HUFFINGTON POST

Ukraine Parliament Turns Into 'Fight Club' As Legislator Attacks Prime Minister

In Ukraine, politics can literally be a blood sport.

If you think partisan bickering in Congress is tense, check out the Ukrainian Parliament. It makes Capitol Hill seem downright genial by comparison.

A massive brawl broke out Friday in the Supreme Rada, Ukraine’s legislative chamber, when Parliament member Oleh Barna physically dragged Ukrainian Prime Minister Arseniy Yatsenyuk from the speaker’s podium.

The altercation began when Barna, who has started a petition to remove Yatsenyuk from office, handed the prime minister a bouquet of roses while Yatsenyuk was speaking and then proceeded to carry him off the podium.

Dozens of other parliamentarians rushed to defend Yatsenyuk, and a chaotic fistfight ensued.

Barna's party, the Petro Poroshenko Bloc, ousted him from its ranks after the incident, CBS News reported.

The legislative body has “indefinitely postponed” a no-confidence vote against Yatsenyuk’s government that Barna and other Parliament members had been pushing, according to the Financial Times.

He is blamed for the economic hardship, inflation and high gas prices. Andreas Umland, Institute for Euro-Atlantic Cooperation

Andreas Umland, an expert in Ukrainian politics at the Institute for Euro-Atlantic Cooperation in Kiev, called Barna's behavior is “odd” since his now-former party is in the prime minister’s government. Poroshenko, the founder and namesake of the party, is the president of Ukraine.

But Umland said the incident reflects rising public dissatisfaction with Yatsenyuk over economic policy.

“He is blamed for the economic hardship, inflation and high gas prices,” he said.

Gas prices have gone up as the result of reforms ending energy subsidies. Umland said that though it's difficult to give up the subsidies, the move is "long overdue."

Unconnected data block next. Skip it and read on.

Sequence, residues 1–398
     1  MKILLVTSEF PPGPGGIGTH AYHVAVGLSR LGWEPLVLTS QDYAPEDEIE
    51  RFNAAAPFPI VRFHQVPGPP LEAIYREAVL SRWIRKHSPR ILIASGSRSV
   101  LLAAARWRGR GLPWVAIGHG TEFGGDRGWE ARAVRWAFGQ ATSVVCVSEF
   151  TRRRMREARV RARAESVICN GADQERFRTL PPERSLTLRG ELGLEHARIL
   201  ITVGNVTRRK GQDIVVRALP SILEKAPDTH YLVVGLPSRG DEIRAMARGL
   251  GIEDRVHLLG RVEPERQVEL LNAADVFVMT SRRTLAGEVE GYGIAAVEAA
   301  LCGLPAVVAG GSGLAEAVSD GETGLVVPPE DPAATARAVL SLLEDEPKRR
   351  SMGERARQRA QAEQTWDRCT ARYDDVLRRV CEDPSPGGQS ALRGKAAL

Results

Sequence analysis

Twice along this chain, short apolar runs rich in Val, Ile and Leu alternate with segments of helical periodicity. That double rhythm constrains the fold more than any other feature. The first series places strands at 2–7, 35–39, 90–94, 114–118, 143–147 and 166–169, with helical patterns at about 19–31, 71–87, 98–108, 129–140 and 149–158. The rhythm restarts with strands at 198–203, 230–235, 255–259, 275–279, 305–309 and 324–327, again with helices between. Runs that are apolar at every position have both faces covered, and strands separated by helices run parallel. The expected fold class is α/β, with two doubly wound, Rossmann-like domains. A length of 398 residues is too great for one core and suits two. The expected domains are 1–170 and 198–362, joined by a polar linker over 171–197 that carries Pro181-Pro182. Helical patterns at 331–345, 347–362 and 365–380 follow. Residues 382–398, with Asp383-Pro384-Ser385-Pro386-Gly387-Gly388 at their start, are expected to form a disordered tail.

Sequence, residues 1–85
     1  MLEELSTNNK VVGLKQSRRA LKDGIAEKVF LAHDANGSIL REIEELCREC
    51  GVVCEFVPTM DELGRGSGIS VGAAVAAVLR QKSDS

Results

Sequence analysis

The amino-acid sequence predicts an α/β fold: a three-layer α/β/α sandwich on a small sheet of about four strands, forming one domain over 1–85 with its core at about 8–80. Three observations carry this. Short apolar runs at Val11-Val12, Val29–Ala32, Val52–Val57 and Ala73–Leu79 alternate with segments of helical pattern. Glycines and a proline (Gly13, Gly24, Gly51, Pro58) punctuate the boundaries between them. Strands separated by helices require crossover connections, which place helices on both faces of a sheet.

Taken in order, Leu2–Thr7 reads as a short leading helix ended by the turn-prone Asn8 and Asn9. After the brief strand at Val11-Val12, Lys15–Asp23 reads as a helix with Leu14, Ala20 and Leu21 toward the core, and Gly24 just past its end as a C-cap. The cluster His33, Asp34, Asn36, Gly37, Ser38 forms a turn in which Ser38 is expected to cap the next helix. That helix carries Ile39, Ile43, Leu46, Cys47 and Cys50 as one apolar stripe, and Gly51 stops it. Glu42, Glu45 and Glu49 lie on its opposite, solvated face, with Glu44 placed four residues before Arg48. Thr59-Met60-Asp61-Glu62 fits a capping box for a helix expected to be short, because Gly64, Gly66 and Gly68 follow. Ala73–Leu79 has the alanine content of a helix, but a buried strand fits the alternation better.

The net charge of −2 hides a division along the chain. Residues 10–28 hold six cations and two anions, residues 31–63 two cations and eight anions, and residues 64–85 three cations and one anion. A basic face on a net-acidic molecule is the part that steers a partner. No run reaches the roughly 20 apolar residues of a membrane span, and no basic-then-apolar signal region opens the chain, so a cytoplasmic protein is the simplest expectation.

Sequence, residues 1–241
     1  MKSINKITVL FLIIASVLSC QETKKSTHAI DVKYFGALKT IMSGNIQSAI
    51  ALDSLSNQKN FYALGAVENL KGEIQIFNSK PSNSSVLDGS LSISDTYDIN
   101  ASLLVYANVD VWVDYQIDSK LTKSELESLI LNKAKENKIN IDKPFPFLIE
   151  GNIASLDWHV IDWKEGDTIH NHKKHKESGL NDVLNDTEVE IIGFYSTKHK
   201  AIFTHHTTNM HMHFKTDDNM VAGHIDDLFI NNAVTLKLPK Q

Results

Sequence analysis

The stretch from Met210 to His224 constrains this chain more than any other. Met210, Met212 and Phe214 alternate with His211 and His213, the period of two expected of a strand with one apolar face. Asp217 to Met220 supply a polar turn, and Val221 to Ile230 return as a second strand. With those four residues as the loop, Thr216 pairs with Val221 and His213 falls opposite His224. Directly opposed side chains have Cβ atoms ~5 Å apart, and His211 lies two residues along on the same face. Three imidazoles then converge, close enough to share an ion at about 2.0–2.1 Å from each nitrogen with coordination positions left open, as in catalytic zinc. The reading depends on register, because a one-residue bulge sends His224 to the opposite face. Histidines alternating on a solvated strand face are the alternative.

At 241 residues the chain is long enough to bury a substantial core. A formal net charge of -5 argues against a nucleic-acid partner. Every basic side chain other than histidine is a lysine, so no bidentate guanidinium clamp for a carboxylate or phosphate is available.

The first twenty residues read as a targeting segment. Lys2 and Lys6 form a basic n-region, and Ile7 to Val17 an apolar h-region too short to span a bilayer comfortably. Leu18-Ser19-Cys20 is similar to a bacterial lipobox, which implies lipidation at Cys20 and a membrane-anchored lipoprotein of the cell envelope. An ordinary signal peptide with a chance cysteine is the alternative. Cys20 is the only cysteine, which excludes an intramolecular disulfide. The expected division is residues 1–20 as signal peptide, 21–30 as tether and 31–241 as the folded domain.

Vice President Joe Biden gestures as he speaks to the Ukrainian Parliament on Tuesday, Dec. 8, 2015, during his official visi
Vice President Joe Biden gestures as he speaks to the Ukrainian Parliament on Tuesday, Dec. 8, 2015, during his official visit to Ukraine.

Physical battles have long accompanied political ones in the Ukrainian Parliament, but this particular scuffle comes at an especially auspicious time for the Eastern European nation.

The prospect of political instability in Ukraine is a source of concern for the United States and European Union, which have sided with the Ukrainian government in its armed conflict with Russian-backed separatists in Eastern Ukraine. The International Monetary Fund, which counts the U.S. and EU as its largest stakeholders, has extended Ukraine a $17.5 billion emergency loan on the condition that the country reform its economic and political institutions.

Vice President Joe Biden emphasized U.S. support for the country in a speech before the Ukrainian parliament on Tuesday, even as he insisted on the need to curb the power of the country’s oligarchs and root out corruption.

“Each of you has an obligation to answer the call of history and finally build a united, democratic Ukrainian nation that can stand the test of time,” Biden said.

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